Portland Heights Birdwatching Breaks
Friday January 13th - Sunday January 15th 2006

reports archive

Fine, almost Spring-like weather helped us to see a superb list of birds including Red-necked Grebe, Water Pipit and multiple Mediterranean Gulls!

click here for a list of species seen over the weekend

Saturday January 14th
Weather: rain first thing, then brighter with warm sunny periods.

Portland Bill, 0900
A good variety of seabirds were seen at our first stop, mainly Gannets, Kittiwakes, Guillemots and Razorbills with a small group of Eider settled just offshore. A flock of 10 Purple Sandpipers were feeding on the shoreline. Around the car park plenty of Rock Pipits were feeding with a few Meadow pipits allowing us to make comparisons. A pair of Stonechats were nearby and close views of a male Kestrel were had on the way to the seabird colony on the Westcliffs. Here we could smell the Kittiwakes but didn’t see any. We did see a Fulmar and some summer-plumaged Guillemots flying up to the ledges. A Shag was collecting nesting material from the clifftop. Driving to the next stop we saw a Buzzard sat on a fence post near the road.

Portland Castle, 1200
This point at the southern corner of Portland Harbour produced good numbers of Red-breasted Mergansers and a close Black-throated Diver.

Ferrybridge, 1300
A close Little Egret and a few distant Mediterranean Gulls were all we could find here.

Sandsfoot, 1400
This favourite site to view Portland Harbour from really came up trumps this afternoon with 4 species of grebe including the first ever Red-necked Grebe seen on a Birdbreak weekend. The rocks just offshore held 2 Sandwich Terns, with Black-necked and Slavonian Grebes swimming not far behind them. A distant group of 4 Black-throated Divers together was a very notable sighting.

Bincleaves, 1500
Moving a little further east we increased our Black-throated Diver tally to a remarkable 9 birds in view at once.
Nothe, 1530
Walking from Nothe Gardens down into Newton’s Cove we found 2 Black Redstarts, one of which gave prolonged views as we sat on the sea wall in the warm sunshine.
Weymouth Bay, 1630
We arrived just as the gull population of South Dorset was starting to assemble in the Bay, and dozens of Pied Wagtails were also gathering on the car park. A search of the gulls produced just a single adult Mediterranean Gull, but the sight of thousands of Common Gulls roosting together was remarkable.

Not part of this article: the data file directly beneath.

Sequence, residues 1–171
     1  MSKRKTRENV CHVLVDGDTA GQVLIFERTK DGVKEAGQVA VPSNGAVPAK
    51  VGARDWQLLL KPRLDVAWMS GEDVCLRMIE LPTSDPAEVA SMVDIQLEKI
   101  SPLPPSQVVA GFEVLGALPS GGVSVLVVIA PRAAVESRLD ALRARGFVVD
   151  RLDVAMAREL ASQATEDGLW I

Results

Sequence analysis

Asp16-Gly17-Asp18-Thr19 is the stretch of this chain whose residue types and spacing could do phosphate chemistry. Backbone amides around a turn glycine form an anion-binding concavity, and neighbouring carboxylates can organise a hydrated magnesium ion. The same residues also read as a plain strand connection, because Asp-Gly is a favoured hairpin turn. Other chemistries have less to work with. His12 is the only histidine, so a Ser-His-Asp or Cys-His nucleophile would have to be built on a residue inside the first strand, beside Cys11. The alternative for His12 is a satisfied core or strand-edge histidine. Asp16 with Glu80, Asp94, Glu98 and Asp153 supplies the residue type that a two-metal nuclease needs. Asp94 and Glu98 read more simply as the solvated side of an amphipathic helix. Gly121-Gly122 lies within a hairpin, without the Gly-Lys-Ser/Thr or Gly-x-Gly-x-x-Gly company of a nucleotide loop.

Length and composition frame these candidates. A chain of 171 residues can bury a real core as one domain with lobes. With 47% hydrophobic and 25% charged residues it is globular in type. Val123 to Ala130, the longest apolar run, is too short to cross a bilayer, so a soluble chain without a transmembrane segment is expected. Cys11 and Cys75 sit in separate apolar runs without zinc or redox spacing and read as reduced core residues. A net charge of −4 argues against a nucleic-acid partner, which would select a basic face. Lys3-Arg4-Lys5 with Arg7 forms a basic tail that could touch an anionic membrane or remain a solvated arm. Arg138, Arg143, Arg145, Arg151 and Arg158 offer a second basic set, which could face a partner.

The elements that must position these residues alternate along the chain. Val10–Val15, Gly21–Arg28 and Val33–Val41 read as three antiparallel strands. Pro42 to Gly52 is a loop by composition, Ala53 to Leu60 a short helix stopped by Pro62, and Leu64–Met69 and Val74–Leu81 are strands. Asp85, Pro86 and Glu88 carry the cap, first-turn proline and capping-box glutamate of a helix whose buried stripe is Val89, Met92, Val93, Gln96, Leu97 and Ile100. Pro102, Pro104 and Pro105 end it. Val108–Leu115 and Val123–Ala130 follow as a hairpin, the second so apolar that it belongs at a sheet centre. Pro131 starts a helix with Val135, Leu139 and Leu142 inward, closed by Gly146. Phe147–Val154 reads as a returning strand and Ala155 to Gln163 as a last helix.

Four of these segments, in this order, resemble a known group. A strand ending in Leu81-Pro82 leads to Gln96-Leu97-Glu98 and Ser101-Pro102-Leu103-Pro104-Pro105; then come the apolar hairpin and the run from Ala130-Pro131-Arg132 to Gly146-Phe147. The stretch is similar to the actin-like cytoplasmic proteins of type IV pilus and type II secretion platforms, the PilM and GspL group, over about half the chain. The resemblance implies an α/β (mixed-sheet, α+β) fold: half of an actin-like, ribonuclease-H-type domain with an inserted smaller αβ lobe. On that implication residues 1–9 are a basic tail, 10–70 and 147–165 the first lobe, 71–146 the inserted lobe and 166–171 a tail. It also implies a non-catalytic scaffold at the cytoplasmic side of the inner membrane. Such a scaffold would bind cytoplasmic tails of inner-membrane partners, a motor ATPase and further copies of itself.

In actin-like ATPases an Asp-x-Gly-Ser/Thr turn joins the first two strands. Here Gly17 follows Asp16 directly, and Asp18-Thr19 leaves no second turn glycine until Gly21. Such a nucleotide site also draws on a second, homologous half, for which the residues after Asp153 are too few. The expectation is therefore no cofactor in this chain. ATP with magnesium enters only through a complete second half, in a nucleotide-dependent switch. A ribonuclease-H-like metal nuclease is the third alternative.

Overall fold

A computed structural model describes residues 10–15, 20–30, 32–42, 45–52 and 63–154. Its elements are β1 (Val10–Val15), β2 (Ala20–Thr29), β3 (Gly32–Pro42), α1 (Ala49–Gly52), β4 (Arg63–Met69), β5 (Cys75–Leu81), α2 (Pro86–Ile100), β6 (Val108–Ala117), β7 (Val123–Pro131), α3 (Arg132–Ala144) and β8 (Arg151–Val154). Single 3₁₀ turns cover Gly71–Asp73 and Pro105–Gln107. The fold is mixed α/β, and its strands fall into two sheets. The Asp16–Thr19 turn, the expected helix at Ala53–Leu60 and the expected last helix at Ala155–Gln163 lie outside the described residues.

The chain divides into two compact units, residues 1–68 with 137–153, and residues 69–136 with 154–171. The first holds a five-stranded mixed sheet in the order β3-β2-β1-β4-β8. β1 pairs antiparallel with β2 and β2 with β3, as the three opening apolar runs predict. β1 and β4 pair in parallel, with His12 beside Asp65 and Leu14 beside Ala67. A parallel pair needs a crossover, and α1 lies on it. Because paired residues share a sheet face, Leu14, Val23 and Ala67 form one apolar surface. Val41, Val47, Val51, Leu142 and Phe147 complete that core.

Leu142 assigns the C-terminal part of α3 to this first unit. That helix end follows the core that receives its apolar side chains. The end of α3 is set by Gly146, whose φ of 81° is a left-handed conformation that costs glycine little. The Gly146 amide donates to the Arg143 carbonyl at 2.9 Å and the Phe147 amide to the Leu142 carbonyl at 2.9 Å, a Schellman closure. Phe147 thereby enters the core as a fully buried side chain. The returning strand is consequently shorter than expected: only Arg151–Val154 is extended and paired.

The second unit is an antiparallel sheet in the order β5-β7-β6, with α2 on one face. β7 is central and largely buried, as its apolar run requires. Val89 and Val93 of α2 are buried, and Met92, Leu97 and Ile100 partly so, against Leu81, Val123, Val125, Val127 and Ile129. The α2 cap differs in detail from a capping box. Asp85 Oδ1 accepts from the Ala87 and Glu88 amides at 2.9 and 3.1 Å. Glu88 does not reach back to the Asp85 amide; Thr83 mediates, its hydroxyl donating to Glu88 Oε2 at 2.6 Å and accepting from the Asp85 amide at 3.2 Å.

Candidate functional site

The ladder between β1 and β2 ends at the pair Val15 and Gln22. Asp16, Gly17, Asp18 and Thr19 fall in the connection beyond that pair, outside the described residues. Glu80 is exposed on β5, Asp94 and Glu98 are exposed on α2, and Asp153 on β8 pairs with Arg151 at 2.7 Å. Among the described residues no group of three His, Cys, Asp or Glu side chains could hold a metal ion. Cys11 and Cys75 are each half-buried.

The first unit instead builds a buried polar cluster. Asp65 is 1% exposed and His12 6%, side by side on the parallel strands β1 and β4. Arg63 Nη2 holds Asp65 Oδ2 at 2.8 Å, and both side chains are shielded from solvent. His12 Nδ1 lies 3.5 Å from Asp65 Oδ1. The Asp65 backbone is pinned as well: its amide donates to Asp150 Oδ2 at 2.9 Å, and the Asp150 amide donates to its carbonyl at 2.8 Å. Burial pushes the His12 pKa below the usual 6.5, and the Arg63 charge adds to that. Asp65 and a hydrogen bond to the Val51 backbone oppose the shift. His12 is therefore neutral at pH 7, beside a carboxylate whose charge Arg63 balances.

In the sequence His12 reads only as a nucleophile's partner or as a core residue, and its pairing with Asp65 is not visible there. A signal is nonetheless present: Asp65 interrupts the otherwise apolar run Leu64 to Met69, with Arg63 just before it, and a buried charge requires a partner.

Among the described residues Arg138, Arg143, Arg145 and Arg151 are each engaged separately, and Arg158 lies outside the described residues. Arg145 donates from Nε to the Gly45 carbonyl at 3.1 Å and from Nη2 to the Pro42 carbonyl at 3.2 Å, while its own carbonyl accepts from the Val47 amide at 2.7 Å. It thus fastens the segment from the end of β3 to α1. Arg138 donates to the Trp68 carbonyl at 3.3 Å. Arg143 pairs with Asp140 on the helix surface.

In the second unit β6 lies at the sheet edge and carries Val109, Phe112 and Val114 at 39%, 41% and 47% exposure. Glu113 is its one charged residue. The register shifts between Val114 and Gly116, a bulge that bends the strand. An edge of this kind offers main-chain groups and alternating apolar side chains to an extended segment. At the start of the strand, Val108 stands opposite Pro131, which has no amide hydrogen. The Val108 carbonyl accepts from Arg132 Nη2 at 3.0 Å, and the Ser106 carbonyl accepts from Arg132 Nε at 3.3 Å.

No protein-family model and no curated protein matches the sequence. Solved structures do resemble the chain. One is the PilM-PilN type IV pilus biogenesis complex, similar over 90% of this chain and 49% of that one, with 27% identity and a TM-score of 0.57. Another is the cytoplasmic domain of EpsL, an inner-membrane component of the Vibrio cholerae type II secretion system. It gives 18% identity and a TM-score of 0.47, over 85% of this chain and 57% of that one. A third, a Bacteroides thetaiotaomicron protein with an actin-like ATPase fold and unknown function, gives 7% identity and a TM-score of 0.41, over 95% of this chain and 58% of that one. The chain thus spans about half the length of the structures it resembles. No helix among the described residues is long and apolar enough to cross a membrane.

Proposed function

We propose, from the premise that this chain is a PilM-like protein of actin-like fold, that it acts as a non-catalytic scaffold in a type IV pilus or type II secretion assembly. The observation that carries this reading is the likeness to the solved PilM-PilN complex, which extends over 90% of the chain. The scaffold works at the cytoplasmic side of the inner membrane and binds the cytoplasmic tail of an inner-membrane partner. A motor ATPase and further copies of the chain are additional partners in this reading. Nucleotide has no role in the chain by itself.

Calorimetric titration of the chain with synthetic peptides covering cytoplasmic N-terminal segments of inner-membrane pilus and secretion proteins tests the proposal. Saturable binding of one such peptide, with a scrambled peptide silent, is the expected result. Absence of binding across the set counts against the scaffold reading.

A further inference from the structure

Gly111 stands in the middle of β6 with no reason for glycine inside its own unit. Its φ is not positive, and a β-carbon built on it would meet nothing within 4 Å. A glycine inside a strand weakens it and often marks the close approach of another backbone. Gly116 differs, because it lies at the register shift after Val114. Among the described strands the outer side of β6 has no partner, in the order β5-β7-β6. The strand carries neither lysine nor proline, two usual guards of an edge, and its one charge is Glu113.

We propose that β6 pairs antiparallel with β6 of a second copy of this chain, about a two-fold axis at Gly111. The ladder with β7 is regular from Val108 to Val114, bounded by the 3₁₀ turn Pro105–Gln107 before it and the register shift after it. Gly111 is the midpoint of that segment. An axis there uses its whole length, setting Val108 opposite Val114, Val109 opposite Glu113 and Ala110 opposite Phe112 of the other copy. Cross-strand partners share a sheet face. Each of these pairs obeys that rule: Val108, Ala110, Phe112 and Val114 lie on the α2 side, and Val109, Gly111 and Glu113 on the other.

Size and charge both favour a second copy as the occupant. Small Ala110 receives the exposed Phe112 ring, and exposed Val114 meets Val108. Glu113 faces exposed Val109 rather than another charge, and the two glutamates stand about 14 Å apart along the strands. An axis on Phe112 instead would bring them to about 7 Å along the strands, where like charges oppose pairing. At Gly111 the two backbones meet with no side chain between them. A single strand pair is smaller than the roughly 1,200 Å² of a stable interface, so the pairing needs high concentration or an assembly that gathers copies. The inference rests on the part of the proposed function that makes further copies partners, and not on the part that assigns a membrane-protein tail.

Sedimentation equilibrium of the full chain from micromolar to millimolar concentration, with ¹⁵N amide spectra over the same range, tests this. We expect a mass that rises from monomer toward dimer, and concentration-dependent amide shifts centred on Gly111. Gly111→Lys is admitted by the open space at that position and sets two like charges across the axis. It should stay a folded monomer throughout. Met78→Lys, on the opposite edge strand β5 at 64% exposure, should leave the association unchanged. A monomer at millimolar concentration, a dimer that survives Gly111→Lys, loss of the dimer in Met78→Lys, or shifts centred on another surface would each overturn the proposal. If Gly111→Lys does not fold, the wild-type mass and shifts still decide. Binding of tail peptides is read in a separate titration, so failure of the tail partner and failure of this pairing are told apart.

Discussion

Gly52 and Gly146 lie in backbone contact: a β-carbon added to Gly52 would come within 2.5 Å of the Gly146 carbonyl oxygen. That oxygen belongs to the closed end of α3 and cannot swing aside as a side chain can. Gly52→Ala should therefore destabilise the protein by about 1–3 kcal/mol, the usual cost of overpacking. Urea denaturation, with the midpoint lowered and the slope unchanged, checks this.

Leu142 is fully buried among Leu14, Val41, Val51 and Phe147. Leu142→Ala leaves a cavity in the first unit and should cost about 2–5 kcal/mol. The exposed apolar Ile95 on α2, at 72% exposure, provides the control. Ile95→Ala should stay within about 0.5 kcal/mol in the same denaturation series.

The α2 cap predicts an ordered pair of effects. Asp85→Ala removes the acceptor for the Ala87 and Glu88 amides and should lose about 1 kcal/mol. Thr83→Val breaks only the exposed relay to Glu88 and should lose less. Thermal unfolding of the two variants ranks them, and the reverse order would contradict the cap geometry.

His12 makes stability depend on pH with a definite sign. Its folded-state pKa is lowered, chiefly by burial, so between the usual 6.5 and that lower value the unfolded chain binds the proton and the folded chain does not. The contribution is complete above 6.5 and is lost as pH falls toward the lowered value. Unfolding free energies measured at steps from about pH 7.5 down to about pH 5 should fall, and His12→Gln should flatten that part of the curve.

Sunday January 15th
Weather: mainly bright with some warm sunny intervals but in a brisk southerly wind.

Grove Point, 0900
No sign of the pair of resident Peregrines here but plenty of close views of Fulmars.

Ferrybridge, 1000
Still no waders here but we did see some much closer Mediterranean Gulls and a distant flock of Brent Geese.

Lodmoor, 1100
Stopping first at the Overcombe car park we struck lucky straight away with 5 or 6 Water Pipits giving reasonable if brief views as they skulked in the marshy vegetation. A pair of Stonechats here included a very handsome male and a Buzzard was seen feeding on something under a tree. Moving on to the main reserve we soon found the Spoonbill that has been wintering here. Our circuit of the marsh and reedbeds produced plenty of wildfowl, another Mediterranean Gull and a very shy Goldcrest. Committing the cardinal sin of letting the group spread out too much your leader paid the ultimate price by missing the best sighting of the day – a Bittern flying over the reedbed. A small group of Bearded Tits were also seen by those bringing up the rear.
Radipole, 1300
Lunch was had by the car park which produced yet another Mediterranean Gull whilst a Black-tailed Godwit was found nearby. Walking out to the North Hide we found a very attractive flock of Pochard and a few Ruddy Ducks and Little Grebes.
From the hide itself we saw Shovelers, Teal and Gadwall and had a very close view of a fishing Grey Heron, one of 16 present. Just as we were getting ready to leave a very pale Buzzard arrived and perched on a post in front of the hide.

Westcliffs, 1600
Our final excursion was a windy walk out to the clifftop to see Ravens. Sadly they had gone to bed early but we did find astonishing numbers of juvenile Banded Snails (Cepaea nemoralis/hortensis) in the grass.

As we demolished a splendid cream tea back at the hotel we reflected over a weekend of fine birdwatching in very pleasant weather, with a total of 73 species seen including one addition to the hotel list. Notable absentees were Raven, Peregrine, Ringed Plover and Turnstone.

Looking forward to our next trip out together,

Bob Ford

Bob Ford